defiled (214)

  • People thought they would become holy by building
    their homes near the temple.
  • Instead, they profaned the temple by their
    unclean living.
  • Many people today think that spending time in
    church will insure blessing or forgiveness.
  • Instead, unholy living hurts the ministry of the
    church and tears it down.

I will bless you!
  • This is really a message about blessing!
  • Due to their efforts, the curse of sin is already
  • they are told to mark their calendars.
  • Gods blessing would begin immediately
  • Gods favor would encourage the people to
    continue the temple work.

4th Message Restoration of Davidic Kingdom
  • 220-23
  • Haggai described Gods future plans
  • God will bring down kingdoms and exalt his
  • Zerubbabel, a descendant of David, would serve as
    Gods special servant (Messiah?)
  • Z. disappears from the pages of history
  • Christians see Jesus, a descendant of David
    through Z., as the ultimate fulfillment (Mat 11,

Malachi, My Messanger
  • Outside of the book of Malachi itself, nothing is
    known of this author.
  • Even his name is not known for certain. The name
    Malachi means, my messenger.
  • This is no other example of Malachi being used
    as a name in ancient Israel.
  • The name first appears in Mal. 11, which is a
    superscription, that is, an introductory
  • These superscriptions were typically added later
    to the text by scribes, and thus are not the hand
    of the original writer.

Malachis Day
  • Malachi lived and wrote during the period that
    the Persians ruled Judah (538 332 B.C.E).
  • Malachi in 18 refers to Judah as ruled by a
    satrap (a Persian governor).
  • In 110 the temple already rebuilt.
  • It was destroyed by Nebuchadnezzar in 587 B.C.
    and rebuilt from 520-515 B.C., so the book was
    written after 515 B.C.

Abuses in Israelite Religion
  • M bewails abuses in Israelite religion
  • marriages with foreign women (211f), sacrifices
    with diseased animals (17f).
  • no mention of the reforms of Nehemiah or Ezra.
  • dated after the rebuilding of the second temple
    and before the Ezra/Nehemiah reforms (458 B.C.
    according to the traditional date).
  • book between 515 and 458 B.C.

Temple Purity
  • Malachis prophecies bear witness to his strong
    interest in
  • the temple and
  • the purity of the temple priests (16-13 21-4,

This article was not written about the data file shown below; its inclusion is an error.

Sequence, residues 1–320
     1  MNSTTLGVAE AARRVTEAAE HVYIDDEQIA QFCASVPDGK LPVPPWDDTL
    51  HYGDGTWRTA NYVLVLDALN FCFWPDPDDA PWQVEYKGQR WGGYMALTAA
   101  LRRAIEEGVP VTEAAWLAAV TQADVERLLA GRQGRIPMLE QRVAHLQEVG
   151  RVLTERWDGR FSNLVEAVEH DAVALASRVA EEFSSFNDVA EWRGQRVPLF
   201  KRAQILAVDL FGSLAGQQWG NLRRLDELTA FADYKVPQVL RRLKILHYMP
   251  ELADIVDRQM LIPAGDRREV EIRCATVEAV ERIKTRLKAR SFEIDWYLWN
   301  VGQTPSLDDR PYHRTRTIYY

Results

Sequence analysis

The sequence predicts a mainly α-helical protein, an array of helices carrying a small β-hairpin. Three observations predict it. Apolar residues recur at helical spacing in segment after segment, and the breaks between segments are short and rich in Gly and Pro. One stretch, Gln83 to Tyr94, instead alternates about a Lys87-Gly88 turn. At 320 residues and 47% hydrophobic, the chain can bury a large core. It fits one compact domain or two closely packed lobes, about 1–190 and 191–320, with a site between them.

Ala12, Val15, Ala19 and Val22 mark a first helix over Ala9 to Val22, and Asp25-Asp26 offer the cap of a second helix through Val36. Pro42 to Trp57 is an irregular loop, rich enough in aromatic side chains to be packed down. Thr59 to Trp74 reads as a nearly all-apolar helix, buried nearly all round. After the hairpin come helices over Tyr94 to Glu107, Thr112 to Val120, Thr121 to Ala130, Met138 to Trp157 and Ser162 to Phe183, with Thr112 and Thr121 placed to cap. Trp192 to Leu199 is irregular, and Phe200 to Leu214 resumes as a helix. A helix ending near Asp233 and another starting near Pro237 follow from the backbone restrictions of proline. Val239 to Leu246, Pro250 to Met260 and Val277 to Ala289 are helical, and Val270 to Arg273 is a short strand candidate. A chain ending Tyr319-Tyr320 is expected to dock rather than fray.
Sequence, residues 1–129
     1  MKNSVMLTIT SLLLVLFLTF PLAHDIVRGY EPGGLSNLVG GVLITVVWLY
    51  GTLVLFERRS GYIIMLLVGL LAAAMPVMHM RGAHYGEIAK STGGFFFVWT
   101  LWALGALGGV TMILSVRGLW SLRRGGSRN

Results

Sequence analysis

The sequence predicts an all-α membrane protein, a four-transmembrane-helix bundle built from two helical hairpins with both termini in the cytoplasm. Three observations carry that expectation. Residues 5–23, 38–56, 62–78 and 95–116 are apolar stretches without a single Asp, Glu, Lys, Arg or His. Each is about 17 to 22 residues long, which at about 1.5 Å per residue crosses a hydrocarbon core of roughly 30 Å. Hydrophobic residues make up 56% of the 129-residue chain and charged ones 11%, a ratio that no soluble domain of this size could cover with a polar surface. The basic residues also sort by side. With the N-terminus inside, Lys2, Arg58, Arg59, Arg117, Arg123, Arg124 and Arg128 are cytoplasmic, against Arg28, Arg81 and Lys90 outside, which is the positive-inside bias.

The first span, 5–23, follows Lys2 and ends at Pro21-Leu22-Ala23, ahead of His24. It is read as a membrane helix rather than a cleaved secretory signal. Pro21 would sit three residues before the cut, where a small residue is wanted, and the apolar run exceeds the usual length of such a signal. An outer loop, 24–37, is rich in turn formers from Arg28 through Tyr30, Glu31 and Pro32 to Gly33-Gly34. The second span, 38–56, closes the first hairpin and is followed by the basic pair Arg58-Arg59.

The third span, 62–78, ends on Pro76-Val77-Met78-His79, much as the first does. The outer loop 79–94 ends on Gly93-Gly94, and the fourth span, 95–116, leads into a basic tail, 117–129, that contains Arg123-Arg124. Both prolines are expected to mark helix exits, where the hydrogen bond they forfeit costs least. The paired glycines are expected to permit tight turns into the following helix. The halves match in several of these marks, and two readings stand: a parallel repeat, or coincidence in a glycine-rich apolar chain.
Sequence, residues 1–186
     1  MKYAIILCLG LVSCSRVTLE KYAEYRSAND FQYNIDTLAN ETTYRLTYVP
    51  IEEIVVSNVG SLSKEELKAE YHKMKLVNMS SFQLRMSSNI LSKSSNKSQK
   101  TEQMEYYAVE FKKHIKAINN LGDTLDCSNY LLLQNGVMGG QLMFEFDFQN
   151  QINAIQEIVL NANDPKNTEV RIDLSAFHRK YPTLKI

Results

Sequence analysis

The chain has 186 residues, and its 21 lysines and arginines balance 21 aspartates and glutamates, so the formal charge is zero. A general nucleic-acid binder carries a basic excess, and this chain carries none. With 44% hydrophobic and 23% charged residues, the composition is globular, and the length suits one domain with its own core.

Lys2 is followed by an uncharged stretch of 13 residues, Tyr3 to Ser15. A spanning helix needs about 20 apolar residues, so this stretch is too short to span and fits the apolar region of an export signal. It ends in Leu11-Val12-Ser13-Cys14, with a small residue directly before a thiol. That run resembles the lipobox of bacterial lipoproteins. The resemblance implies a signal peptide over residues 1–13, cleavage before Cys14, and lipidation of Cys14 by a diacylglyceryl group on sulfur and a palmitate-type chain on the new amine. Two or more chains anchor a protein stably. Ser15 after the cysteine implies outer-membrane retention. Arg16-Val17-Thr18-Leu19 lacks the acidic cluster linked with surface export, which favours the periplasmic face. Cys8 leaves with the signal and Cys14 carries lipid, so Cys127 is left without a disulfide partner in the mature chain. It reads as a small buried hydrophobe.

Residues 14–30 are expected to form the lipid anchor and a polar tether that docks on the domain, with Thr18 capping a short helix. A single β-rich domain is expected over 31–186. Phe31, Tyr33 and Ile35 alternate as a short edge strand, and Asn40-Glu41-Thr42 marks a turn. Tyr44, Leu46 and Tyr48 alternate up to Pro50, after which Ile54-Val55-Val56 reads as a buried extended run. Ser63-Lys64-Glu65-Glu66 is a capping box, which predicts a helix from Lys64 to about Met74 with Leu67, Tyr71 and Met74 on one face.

8-9 33-4, 6-11).
  • However, Malachi does not speak as a priest but
    as an outsider to the priestly caste.

Personal Conviction
  • man of great personal religious conviction, and
    was deeply concerned about the seriousness of
    personal sin before a Holy God (217 34
    36-7 313 41).
  • opposed to idolatry (210 12) easy divorce
    (213 16), and social injustice (35).
  • His courage is revealed by his bold attack
    against the influential priestly class and the
    social elite (11-14 21-4 32-4).

Historical Context
  • reflect the depraved spiritual condition before
    the Ezra-Nehemiah reforms.
  • after the completion of the 2nd Temple, the
    apathy and disillusionment against which Haggai
    and Zechariah preached continued.
  • hopes for a new Davidic state never materialized.
  • The material prosperity expected upon the
    completion of the temple failed to come to pass.

Historical Context
  • migration of former Jewish captives inspired by
    the prophets never occurred.
  • Zerubbabel was likely deposed by Darius as a
    dangerous political threat.
  • He simply disappear from the stage of history.
  • No clear messianic age was ushered in by the
    completion of the 2nd Temple as many had hoped
    and prophesied.

Peoples Skepticism
  • Malachi speaks of the peoples skepticism and
    doubt in Yahweh as their God (12).
  • The priesthood had become bored and uncaring
    about their priestly duties (113), and showed
    contempt toward ceremonial and moral purity
  • The people as a whole followed the lead of the
    priests (28-9) and were cheating God out of the
    tithe (36-12).

Sacrifice and Intermarriage
  • The were also failing to offer proper sacrifices
  • Their distain for the covenantal laws was
    reflected in their intermarriage with foreign
    women (210-12), idolatry (211), scandalous
    divorce (213-16), sorcery, adultery, perjury and
    social injustice (35).
  • a very low point in the history of Israels